Verse 56: "We showed Pharaoh all Our signs, but he denied them and refused [to change]." Verse 85: "…but God said, 'We have tested your people in your absence: the Samiri has led them astray.'" Verse 97: "(Moses) said: "Get thee gone! but thy (punishment) in this life will be that thou wilt say, 'touch me not'; and moreover (for a future penalty) thou hast a promise that will not fail: Now look at thy god, of whom thou hast become a devoted worshipper: We will certainly (melt) it in a blazing fire and scatter it broadcast in the sea!" 
Judgment day and the disbelievers' punishmentEdit
- verses 99–113
This section again refers to the revealed nature of the Quran, and discusses the Day of Judgment. It gives a brief description of the events that will take place on judgment day. Disbelievers will be punished, but believers need not fear. This account of judgment day is an example of the eschatological nature of the Quran, as described by Angelika Neuwirth. Also in this section, in verse 113, is a specific reference to the Quran in Arabic.
Verse 99: "…We have given you a Qur'an from Us." Verses 111–112: "Those burdened with evil deeds will despair, but whoever has done righteous deeds and believed need have no fear of injustice or deprivation." Verse 113: "We have sent the Qur'an down in the Arabic tongue and given all kinds of warnings in it, so that they may beware or it may make them take heed."
The story of AdamEdit
- verses 114–123
This section begins with a proclamation of God's greatness, and then another address from God to Muhammad. Then, God relates the story of Adam. When God created Adam and asked the angels to bow before him, all but Iblis did not bow. Iblis (Satan) was punished and made the enemy of man. Satan tempted Adam, and Adam gave in, straying from God. But, Adam repented for his mistake and asked for God's forgiveness quite devotedly, for which God finally forgave him.
Verse 114: "Exalted be God, the one who is truly in control. [Prophet], do not rush to recite before the revelation is fully complete…" Verse 116: "When We said to the angels, 'Bow down before Adam,' they did. But Iblis refused." Verse 121–122: "…Adam disobeyed his Lord and was led astray—later his lord brought him close, accepted his repentance, and guided him."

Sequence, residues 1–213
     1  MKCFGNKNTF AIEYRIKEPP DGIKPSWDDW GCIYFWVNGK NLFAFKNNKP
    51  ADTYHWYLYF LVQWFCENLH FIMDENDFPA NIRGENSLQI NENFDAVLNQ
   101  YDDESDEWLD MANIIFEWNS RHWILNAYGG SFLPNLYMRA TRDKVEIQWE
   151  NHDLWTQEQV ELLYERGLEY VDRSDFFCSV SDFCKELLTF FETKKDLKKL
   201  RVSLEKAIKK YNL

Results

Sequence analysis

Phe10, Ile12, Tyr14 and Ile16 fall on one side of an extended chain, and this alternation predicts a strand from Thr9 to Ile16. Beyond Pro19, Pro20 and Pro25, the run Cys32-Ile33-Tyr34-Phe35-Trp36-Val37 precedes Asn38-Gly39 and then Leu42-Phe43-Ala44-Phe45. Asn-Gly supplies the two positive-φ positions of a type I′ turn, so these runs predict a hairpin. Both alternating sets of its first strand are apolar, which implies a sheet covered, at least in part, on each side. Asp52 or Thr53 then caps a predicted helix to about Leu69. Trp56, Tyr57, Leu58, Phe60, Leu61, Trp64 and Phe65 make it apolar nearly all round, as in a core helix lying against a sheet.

Judgment day and the disbelievers' punishmentEdit
- verses 123–127
This section restates what was said before: Those who follow God will be rewarded, and those who do not will be punished on the Day of Judgment.
Part three, verses 128–135Edit
Instructions to the believersEdit
- verses 128–132
This section contains another of the patterns discussed by Neuwirth, the signs of God's existence. It references the ruins of old cities as signs that God exists and can easily destroy people. Also, this section instructs believers to pray, and not to long for others' possessions. Verse 131 is the second verse of the sura that is mentioned in Asbab al-Nuzul. Wahidi says that this was sent down because Muhammad once desired food to entertain a guest, but could not afford it. The Jewish man selling the food refused to sell it without a security, and Muhammad was furious with this. To appease his prophet, God sent down this verse.
Verse 131: "And do not gaze longingly at what We have given some of them to enjoy, the finery of this present life: We test them through this, but the provision of your Lord is better and more lasting." Verse 132: "Order your people to pray, and pray steadfastly yourself."
- verses 133–135
The conclusion includes another of the elements Neuwirth discusses: debate. In the conclusion, there is a debate between the disbelievers and Muhammad. The disbelievers wonder why God does not bring them a sign, and in the final verse God instructs Muhammad what to reply to them.
Verse 135: "[Prophet], say, 'We are all waiting, so you carry on waiting: you will come to learn who has followed the even path, and been rightly guided.'"
- Ernst, Carl W. How to Read the Qurʼan: A New Guide, with Select Translations. Chapel Hill: University of North Carolina, 2011. Print.
- Haleem, Abdel. The Qur'an. New York: Oxford UP, 2010. Print.
- McAuliffe, Jane Dammen. The Cambridge Companion to the Qurʼān. Cambridge, UK: Cambridge UP, 2006. Print.
- as-Suyuti, The History of Khalifahs Who Took The Right Way (London, 1995), p. 107-108; T.P. Hughes, 1999, Dictionary of Islam, New Delhi: Rupa & Co..
- Sean Coughlan, "'Oldest' Koran fragments found in Birmingham University", BBC News, 22 July 2015
- Guezzou, Mokrane. Al-Wāḥidī's Asbāb Al-nuzūl: Great Commentaries of the Holy Qur'an. [Amman]: Royal Aal Al-Bayt Institute for Islamic Thought, 2008. Print.